The Crescent Corset Company was one of the first wholly-owned subsidiaries of the JC Penny Company, manufacturing their private label ‘Lady Lyke’ corsets in the building. Selling private label brands such as these led JC Penny to become one of the country’s leading retailers of the 20th century.
The Crescent Company factory, located at 165-177 Main Street in Cortland, New York, served as a significant employer in the City of Cortland. Immigrant workers, mostly women from Italy, made up much of the labor force. Through kinship networks, the promise of jobs brought immigrants from Italy directly to Cortland, where the men found work in nearby factories, and women found immediate placement at the Crescent Corset Company. At the company’s height in the late 1920s, it provided jobs for over 700 women.
The company was sold out of local control in 1971. The building changed hands several times before finally becoming fully vacant in the late 1990s.
Crescent Commons was a 2-year, multi-phase Historic Tax Credit (HTC) investment and the 5th project supported through the Irvin Henderson Main Street Revitalization Fund. This adaptive reuse initiative restored the former factory building into ground-level nonprofit and commercial space, as well as loft apartments on the upper floors. The building is anchored by Family Counseling Services (FCS), a private nonprofit organization founded in 1971 that provides professional counseling and prevention services to Cortland County, including mental health and chemical dependency counseling programs for youth, adults, and families.
Crescent Commons also supports the Cortland LGBTQ Center, a division of FCS. The Center will utilize 4,500 SF of space to create a visible and empowered community through education, advocacy, resource enhancement, and linkages to essential services for all lesbian, gay, bisexual, transgender, and queer-identified people, as well as their families and other supportive community members. They provide training and policy programming to educate groups such as medical providers, schools, and media outlets on how to effectively and compassionately serve and support the LGBTQ+ community.
Additional tenants include the Franciscan Health Support group and several locally owned businesses.
The residential aspect, which was completed in 2017 utilizing state and federal HTCs supported by NTCIC, includes 47 apartments, three units of which are restricted to households earning 80% of AMI. They feature loft designs with high ceilings, large windows, and open floor plans to keep with the historic nature of the building.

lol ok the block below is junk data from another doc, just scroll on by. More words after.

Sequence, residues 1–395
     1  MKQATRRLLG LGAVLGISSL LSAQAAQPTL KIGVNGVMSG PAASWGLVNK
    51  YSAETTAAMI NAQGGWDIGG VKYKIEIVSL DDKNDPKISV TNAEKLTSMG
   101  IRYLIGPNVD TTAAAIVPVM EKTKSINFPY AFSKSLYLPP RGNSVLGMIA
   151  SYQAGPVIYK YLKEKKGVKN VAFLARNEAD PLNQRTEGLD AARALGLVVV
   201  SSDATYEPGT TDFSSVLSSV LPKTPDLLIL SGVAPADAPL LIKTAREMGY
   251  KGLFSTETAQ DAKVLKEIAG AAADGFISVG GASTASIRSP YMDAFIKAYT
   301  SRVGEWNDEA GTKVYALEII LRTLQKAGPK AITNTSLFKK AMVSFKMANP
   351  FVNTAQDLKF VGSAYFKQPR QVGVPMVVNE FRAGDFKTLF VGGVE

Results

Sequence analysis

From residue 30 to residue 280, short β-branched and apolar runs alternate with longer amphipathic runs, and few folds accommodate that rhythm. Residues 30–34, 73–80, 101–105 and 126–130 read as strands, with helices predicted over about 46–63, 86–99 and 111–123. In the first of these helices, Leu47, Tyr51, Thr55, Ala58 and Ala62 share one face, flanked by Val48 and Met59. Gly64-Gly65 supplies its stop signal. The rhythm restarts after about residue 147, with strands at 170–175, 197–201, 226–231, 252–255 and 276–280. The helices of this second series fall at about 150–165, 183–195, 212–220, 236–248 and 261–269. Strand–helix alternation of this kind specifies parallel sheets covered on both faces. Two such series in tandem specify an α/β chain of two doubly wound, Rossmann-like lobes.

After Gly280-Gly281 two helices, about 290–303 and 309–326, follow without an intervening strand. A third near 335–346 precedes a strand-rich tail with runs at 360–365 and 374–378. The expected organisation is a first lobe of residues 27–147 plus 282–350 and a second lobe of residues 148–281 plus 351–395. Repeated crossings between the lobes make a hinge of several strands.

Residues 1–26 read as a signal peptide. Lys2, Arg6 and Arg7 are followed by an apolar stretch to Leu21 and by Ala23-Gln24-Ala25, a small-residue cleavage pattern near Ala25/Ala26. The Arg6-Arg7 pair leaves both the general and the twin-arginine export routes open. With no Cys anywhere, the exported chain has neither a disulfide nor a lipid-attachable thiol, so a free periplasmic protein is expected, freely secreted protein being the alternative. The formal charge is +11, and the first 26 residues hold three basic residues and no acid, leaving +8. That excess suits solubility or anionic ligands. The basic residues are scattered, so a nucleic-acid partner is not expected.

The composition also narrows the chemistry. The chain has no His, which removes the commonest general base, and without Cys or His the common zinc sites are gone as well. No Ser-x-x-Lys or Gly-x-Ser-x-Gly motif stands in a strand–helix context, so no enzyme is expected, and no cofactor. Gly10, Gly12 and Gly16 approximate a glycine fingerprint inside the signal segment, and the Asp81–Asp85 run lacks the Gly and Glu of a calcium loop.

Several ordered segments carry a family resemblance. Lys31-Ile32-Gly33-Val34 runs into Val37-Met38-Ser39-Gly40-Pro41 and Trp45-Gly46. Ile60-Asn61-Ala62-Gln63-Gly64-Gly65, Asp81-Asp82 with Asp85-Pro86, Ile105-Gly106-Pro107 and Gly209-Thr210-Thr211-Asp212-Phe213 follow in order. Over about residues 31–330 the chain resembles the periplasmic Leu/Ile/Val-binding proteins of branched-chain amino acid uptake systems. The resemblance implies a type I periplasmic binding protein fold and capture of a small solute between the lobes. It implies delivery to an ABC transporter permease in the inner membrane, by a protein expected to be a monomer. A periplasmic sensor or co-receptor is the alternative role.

Economic and Community Impact
The development of Crescent Commons was completed in two separate phases of financing, both of which were supported by NTCIC. The initial development of the building was completed in 2017 and utilized $2.59MM in federal HTC equity and $1.77MM in state HTC equity with East West Bank to restore the ground floor commercial space and upper floor residential units.
After the first phase of residential and commercial development stabilized, the project sponsors sought additional funding sources to realize the full potential of the building’s lower level for commercial occupancy that wasn’t possible within the initial development budget. However, having exhausted all federal, state, and local funding sources; coupled with the strain traditional financing sources would have on the project’s operating capabilities, NTCIC identified the project as an ideal match for the Irvin Henderson Main Street Revitalization Fund. NTCIC provided $2MM in NMTC allocation through the Fund to support additional tenant improvement costs and the development of the lower level space. All improvements will entice more significant economic activity to the neighborhood, and further enhance the capabilities of the nonprofit tenants.
The project has supported 125 permanent career-track jobs, with a majority paying a living wage for the area and providing benefits such as paid leave and health insurance.